we "are not impressed with this argument in the abstract nor as applied to the particular facts of Beckwith's interrogation." Ibid. It goes far beyond the reasons for that holding and such an extension of the Miranda requirements would cut this Court's holding in that case completely loose from its own explicitly stated rationale.
Id. The Court further articulated its reasons for rejecting the focus test by quoting with approval from the Second Circuit's opinion in United States v. Caiello, 420 F.2d 471, 473 (2d Cir. 1969):
"It was the compulsive aspect of custodial interrogation, and not the strength or content of the government's suspicions as the time the questioning was conducted, which led the court to impose the Miranda requirements with regard to custodial questioning."
425 U.S. at 346-47, 96 S.Ct. at 1616.
The defendant in the present case concedes that after Beckwith the focus test cannot be applied in a per se fashion. She contends, however, that focus remains an Important factor in determining whether the interrogation was custodial. We cannot agree. The language the Court quoted from Caiello precludes such an interpretation. Indeed, a recent opinion from the First Circuit cogently articulates the current status of the focus rule stating that "neither the subjective intent of the officer and the defendant nor whether the authorities have focused on the defendant are the relevant considerations . . ." and that the critical question is "whether the defendant had been deprived of his freedom in (any) significant way." Borodine v. Douzanis, 592 F.2d 1202, 1206 n. 2 (1st Cir. 1979). Whether the investigation had focused on the defendant, however, may be indirectly relevant to whether the questioning was custodial for Miranda purposes.7 If the police officers were questioning an accused, for example, the inference might be drawn that they would not permit the accused to leave, and that the accused would be aware of his inability to leave. Such an inference would of course relate to whether their questioning was custodial. We are reluctant to draw such an inference unless it is clear that the officers had, prior to their questioning, sufficient evidence to place the defendant in the status of an accused or in a position analogous thereto and that the defendant was aware of that status.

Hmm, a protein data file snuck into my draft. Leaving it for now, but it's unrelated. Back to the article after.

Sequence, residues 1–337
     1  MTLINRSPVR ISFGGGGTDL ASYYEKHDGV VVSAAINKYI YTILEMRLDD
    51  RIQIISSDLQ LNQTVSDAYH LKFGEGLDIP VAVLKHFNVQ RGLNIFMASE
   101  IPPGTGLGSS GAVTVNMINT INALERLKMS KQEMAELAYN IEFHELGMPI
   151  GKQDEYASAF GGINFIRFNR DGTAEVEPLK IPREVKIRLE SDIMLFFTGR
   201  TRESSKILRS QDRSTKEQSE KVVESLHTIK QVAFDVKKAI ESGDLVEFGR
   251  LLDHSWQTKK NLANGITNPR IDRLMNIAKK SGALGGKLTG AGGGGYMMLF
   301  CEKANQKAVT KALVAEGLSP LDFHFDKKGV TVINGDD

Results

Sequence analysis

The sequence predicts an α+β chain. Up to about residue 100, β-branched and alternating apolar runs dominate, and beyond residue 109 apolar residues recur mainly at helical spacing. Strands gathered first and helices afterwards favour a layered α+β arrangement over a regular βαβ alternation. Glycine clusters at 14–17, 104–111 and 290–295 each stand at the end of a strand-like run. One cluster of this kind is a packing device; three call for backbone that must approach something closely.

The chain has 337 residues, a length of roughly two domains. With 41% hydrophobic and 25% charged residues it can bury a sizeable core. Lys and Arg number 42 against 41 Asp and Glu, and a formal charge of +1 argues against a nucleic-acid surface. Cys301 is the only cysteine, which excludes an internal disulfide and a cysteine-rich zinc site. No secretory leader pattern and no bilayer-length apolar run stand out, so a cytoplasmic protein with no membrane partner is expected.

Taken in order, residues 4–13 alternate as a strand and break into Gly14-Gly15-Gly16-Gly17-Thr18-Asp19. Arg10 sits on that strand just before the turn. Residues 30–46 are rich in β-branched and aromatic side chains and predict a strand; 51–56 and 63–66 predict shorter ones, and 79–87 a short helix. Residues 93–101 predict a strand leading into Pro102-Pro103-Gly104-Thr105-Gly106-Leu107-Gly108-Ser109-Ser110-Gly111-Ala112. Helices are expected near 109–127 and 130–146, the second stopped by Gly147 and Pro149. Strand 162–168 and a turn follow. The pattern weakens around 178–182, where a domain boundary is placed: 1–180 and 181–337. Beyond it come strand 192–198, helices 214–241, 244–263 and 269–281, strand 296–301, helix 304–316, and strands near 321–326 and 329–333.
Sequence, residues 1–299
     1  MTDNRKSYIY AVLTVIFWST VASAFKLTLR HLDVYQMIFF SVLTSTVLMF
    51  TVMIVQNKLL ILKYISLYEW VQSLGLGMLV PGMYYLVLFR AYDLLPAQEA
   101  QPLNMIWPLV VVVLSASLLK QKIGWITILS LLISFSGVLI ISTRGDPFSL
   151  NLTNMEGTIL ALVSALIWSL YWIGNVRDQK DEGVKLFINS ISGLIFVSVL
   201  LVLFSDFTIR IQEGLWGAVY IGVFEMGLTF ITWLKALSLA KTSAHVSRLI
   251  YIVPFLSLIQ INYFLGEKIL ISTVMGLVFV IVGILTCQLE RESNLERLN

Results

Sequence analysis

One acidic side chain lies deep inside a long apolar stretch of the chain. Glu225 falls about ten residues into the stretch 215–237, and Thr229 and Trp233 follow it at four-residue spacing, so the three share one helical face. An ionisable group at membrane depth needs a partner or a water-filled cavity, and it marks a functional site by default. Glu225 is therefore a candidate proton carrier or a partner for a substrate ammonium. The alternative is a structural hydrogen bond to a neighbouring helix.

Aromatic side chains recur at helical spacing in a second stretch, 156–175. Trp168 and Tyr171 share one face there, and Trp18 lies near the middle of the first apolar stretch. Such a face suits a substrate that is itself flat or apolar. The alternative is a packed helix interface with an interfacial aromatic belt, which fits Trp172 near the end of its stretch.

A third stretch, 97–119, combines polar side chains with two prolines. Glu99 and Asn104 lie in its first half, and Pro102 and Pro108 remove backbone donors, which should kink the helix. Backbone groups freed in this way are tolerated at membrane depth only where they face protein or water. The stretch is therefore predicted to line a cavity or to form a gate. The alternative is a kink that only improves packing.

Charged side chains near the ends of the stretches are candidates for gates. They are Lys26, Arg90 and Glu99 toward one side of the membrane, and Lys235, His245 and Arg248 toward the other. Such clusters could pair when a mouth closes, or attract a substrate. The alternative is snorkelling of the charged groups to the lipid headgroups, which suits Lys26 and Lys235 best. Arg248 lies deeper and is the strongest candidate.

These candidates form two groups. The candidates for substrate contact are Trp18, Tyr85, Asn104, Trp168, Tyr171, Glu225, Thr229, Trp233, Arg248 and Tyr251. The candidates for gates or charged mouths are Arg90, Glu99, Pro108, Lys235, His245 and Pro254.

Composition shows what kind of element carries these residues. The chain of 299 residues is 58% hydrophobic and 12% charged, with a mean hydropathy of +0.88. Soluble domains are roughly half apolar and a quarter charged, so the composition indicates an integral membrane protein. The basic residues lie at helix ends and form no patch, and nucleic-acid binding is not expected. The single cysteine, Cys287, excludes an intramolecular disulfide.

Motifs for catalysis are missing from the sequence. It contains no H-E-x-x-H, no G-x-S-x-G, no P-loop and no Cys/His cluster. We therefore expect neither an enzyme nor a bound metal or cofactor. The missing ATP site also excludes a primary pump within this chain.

The First Circuit was similarly reluctant to draw such an inference in Borodine. The facts in that case are illustrative. Police officers were summoned to the parental home of the defendant's girlfriend, Joan. Joan's sister-in-law met them outside the house and told them, "She's downstairs in the cellar covered with blood. I think they had a fight." Officer Wargin ran downstairs and found Joan battered and dead with the defendant kneeling beside her. The defendant was naked from the waist up and had blood on his upper torso and hands. A bloodied steam iron lay nearby. Officer Wargin questioned the defendant for about ten minutes before the other officer arrived. When the other officer arrived he gave the defendant Miranda warnings and then both officers continued questioning him.